Marine Biology Major Jobs


Marine biologists are educated in the fields of biology, zoology, chemistry, physics, mathematics and writing. For individuals that major in marine biology in college, there are a number of different fields to pursue; marine biology is diverse and specific, ranging from occupations working with fish to occupations studying marine microbe systems.

Biological Technician

  • Biological technicians assist biologists in research and analysis. Biological technicians with a degree in marine biology typically work under a scientist such as an ichthyologist, fishery biologist or marine mammalogist. According to the Bureau of Labor Statistics, biological technicians earn approximately $18.60 per hour, and an employment growth of 18% is projected, which is faster than the national average for other areas of employment.


  • An ichthyologist is a zoologist who studies fish biology and behavior. The duties of an ichthyologist include laboratory work, researching and reading research literature, writing research results and potentially lecturing. Specialties of ichthyology are aquaculture (the study of fish farming), fisheries science (the study of human utilization of fish resources) and conservation of fish populations and habitats.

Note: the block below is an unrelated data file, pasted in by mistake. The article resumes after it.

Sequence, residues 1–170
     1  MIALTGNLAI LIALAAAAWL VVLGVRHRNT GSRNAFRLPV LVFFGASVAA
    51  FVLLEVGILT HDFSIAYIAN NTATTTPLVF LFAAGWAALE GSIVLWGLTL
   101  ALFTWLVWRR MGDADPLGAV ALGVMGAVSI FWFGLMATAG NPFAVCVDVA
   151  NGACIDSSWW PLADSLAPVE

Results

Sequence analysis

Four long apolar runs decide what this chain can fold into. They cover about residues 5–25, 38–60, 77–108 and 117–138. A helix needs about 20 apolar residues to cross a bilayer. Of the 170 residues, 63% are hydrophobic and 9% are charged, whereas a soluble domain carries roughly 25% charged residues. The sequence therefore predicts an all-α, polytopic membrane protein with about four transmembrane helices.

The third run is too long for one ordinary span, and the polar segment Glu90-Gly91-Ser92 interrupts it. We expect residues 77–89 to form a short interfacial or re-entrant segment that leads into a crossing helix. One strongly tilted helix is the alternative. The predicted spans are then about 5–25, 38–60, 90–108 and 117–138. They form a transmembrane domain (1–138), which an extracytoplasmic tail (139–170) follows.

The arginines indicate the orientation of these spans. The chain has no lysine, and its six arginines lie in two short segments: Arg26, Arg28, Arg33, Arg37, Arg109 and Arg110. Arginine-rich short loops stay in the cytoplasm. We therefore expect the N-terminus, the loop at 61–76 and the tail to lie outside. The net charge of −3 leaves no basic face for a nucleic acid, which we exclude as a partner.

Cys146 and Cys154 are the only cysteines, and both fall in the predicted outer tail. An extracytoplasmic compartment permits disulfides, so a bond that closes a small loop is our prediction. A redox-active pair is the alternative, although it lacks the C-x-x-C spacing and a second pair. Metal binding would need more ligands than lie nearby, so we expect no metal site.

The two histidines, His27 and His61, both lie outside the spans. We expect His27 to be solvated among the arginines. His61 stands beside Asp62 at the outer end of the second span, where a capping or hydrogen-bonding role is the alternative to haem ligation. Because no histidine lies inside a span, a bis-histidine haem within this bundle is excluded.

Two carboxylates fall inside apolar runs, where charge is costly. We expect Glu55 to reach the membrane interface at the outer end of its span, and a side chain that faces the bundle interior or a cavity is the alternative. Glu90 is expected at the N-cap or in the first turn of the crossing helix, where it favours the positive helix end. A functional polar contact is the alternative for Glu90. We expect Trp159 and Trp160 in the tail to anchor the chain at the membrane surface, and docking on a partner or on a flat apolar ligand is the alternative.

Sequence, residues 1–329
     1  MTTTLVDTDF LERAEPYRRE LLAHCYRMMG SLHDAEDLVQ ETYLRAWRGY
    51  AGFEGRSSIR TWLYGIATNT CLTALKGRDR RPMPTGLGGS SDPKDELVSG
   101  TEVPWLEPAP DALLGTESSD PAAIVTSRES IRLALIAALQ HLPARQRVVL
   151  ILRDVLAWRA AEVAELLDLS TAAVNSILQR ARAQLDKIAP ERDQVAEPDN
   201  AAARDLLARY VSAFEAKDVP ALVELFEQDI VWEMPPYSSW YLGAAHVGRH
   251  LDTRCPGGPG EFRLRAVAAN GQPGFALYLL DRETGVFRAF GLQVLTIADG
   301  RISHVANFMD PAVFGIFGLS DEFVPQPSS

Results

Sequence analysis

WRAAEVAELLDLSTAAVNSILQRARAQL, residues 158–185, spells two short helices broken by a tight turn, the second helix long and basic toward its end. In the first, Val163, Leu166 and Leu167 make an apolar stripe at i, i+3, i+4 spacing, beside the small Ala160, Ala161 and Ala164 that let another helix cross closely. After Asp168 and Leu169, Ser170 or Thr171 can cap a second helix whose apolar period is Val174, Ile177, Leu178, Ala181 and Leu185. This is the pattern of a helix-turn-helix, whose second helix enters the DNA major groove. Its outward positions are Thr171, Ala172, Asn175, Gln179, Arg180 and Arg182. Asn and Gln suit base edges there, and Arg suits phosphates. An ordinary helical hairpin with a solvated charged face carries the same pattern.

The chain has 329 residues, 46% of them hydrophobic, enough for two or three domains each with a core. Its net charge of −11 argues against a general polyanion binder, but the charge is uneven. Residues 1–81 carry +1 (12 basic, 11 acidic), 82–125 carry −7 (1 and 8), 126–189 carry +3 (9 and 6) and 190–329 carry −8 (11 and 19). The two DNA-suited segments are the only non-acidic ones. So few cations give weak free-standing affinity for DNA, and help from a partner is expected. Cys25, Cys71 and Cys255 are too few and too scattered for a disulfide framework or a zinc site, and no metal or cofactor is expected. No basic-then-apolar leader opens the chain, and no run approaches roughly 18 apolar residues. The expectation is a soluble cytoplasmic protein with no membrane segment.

Marine Mammal Trainer

  • Marine mammal trainers train marine mammals such as whales and dolphins for aquariums and marine-focused amusement parks. A marine mammal trainer is responsible for a trained animal's mental and physical health, and is required to work in trainer teams and be on-call 24 hours a day to make sure all animals are healthy. In addition to the actual training of animals, marine mammal trainers keep up-to-date records, feed the animals, clean the animals' habitats, and do general administrative duties as asked by a superior.

Marine Microbiologist

  • Marine microbiology examines marine microbiological systems through molecular technologies and instruments. A marine microbiologist would complete both field work and laboratory work, study and write research literature, keep up with advancing microbial technologies, and work with other microbiologists to examine ocean microbe ecologies.


  • An oceanographer studies the ocean as a whole, examining the ecosystem of the entire body of water. A degree in marine biology is an important starting point for pursuing a career in oceanography, but the potential oceanographer must also possess engineering skills to complete work on marine exploratory equipment.
    Oceanographers complete research and travel often.

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